A. LIQUID CRYSTAL'S INHERENTLY DISTINCTIVENESS
Two different tests have generally been adopted in analyzing the issue of inherent distinctiveness. The first test is the Chevron Test as set out in Chevron Chemical Co. v. Voluntary Purchasing Groups, 659 F.2d 695, 212 U.S.P.Q. (BNA) 904, (5th Cir. 1981). The second test is the Seabrook Test from Seabrook Foods Inc. v. Bar-Well Foods Ltd., 568 F.2d 1342, 1344, 196 U.S.P.Q. (BNA) 289 (C.C.P.A. 1977). Each of the two tests have been applied to the facts in the case at bar. My conclusions with respect to the application of these two tests are as follows:
The Chevron Test
The principal rule of protectability of inherently distinctive trade dresses in the absence of secondary meaning was established in Chevron Chemical Co. v. Voluntary Purchasing Groups, 659 F.2d 695, 702, 212 U.S.P.Q. (BNA) 904 (5th Cir. 1981), (cited with approval by the Seventh Circuit in Blau Plumbing, Inc. v. S.O.S. Fix-It, Inc., 781 F.2d 604, 608, 228 U.S.P.Q. (BNA) 519 (7th Cir. 1986). In Chevron, the plaintiff was unable to prove secondary meaning for a particular trade dress despite the fact that the product had been on the market in the dress trade for over five years. The court there held that the trade dress of Chevron's product was a common law trademark, and found that the colors of the trade dress presented in Chevron's particular geometric pattern created a distinctive visual impression. Id. at 703. The court then concluded that a trade dress which was "arbitrary and served no function either to describe the product or assist in its effective packaging," Id. at 702, would be protectable even in the absence of a finding of secondary meaning.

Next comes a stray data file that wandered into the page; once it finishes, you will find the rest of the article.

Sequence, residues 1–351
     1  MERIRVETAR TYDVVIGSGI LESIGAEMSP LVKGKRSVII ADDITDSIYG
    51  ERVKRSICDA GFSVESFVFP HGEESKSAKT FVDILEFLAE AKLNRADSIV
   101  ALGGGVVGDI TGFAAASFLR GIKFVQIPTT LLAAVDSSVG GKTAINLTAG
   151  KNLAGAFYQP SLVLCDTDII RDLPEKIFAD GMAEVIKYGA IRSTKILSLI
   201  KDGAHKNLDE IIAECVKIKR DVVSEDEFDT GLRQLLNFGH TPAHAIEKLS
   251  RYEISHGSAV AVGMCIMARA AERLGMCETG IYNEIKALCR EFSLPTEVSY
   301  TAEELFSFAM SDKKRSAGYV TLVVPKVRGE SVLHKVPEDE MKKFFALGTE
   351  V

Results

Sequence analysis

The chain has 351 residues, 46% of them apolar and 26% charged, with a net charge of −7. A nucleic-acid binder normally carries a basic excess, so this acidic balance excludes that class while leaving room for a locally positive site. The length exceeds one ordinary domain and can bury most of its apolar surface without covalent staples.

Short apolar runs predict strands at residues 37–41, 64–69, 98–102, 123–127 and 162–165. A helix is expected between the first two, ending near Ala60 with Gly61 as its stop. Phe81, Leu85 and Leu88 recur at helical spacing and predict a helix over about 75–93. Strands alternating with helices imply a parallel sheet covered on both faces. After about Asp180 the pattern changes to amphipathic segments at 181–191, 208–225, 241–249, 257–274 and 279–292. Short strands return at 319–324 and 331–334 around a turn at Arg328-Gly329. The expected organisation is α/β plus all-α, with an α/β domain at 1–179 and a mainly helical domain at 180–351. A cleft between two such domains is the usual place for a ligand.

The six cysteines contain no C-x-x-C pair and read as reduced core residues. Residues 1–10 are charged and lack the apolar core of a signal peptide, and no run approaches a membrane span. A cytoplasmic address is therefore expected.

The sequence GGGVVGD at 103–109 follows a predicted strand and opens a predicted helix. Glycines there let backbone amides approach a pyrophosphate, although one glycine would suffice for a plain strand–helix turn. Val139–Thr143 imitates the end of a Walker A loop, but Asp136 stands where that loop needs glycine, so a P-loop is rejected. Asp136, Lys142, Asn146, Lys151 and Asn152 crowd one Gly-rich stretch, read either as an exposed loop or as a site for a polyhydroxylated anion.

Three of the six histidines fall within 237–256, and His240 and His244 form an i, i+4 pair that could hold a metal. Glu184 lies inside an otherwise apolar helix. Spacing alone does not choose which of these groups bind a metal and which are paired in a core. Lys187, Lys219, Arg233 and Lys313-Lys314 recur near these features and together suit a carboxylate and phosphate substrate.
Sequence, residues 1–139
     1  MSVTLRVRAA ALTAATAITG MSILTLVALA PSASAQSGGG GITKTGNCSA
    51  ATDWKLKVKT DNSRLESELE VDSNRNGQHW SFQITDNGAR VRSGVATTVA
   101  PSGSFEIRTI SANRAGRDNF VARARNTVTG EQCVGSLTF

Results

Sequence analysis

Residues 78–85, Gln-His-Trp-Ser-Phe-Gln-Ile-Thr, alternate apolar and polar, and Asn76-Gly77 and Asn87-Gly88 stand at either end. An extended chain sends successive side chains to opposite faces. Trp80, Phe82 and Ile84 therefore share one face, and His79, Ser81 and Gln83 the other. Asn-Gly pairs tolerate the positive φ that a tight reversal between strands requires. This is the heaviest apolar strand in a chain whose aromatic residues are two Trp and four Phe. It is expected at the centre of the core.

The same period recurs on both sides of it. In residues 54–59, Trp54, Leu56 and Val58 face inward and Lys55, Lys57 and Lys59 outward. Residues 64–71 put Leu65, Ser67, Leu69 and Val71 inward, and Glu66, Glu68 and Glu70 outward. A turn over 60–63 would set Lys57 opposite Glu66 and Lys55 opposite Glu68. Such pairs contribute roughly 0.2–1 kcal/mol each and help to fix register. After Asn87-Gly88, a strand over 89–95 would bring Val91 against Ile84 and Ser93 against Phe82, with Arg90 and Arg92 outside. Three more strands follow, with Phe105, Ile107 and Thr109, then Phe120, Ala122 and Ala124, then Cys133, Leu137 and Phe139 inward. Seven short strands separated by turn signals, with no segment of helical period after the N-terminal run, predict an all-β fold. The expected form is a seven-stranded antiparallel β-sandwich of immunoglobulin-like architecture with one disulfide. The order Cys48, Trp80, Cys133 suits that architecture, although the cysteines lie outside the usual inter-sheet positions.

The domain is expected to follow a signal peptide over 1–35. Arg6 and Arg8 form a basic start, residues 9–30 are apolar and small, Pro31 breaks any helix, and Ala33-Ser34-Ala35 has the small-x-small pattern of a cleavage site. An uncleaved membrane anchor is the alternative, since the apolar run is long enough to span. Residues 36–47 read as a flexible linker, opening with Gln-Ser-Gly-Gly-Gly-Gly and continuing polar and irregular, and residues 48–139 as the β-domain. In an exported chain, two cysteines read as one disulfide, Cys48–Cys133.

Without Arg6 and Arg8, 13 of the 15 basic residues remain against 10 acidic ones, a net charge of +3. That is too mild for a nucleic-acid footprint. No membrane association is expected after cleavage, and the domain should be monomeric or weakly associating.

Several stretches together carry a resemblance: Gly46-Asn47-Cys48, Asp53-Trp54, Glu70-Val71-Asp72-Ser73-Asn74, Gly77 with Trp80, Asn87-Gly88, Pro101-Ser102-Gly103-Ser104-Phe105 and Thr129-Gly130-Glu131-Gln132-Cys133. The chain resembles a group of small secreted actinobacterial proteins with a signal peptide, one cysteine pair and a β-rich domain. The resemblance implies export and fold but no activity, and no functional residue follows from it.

Under this holding then, the elements which must be established are: 1) that the trade dress is "arbitrary," and 2) that the trade dress serves no function to either describe the product, or assist in its effective packaging. Applying these legal principles to the facts I find that the Liquid Crystal trade dress is not inherently distinctive within the meaning of the law as delineated in the Chevron case. The testimony, as spelled out in the factual findings above, is overwhelming that the trade dress of Liquid Crystal overall, and element by element, is meant to be functional either in describing the product or in effectively packaging it. A term or feature is descriptive if it specifically describes a characteristic or an ingredient of a product. A.J. Canfield Co. v. Vess Beverages, 796 F.2d 903, 906-07, 230 U.S.P.Q. (BNA) 441 (7th Cir. 1986). The finding that the Liquid Crystal can, color combination, gold chimes and smoked black overcap are descriptive and not arbitrary is based upon the representation that Liquid Crystal is, and is being sold as, a premium priced, high quality polish. Indeed much of the testimony given on behalf of the plaintiff in this case was to establish that their product is unique in that it is the very first entry into the premium polish market by a major company in the automotive appearance industry. That being the case, those aspects of the trade dress which tend to establish high quality and premium price are functional in that they serve to describe the product.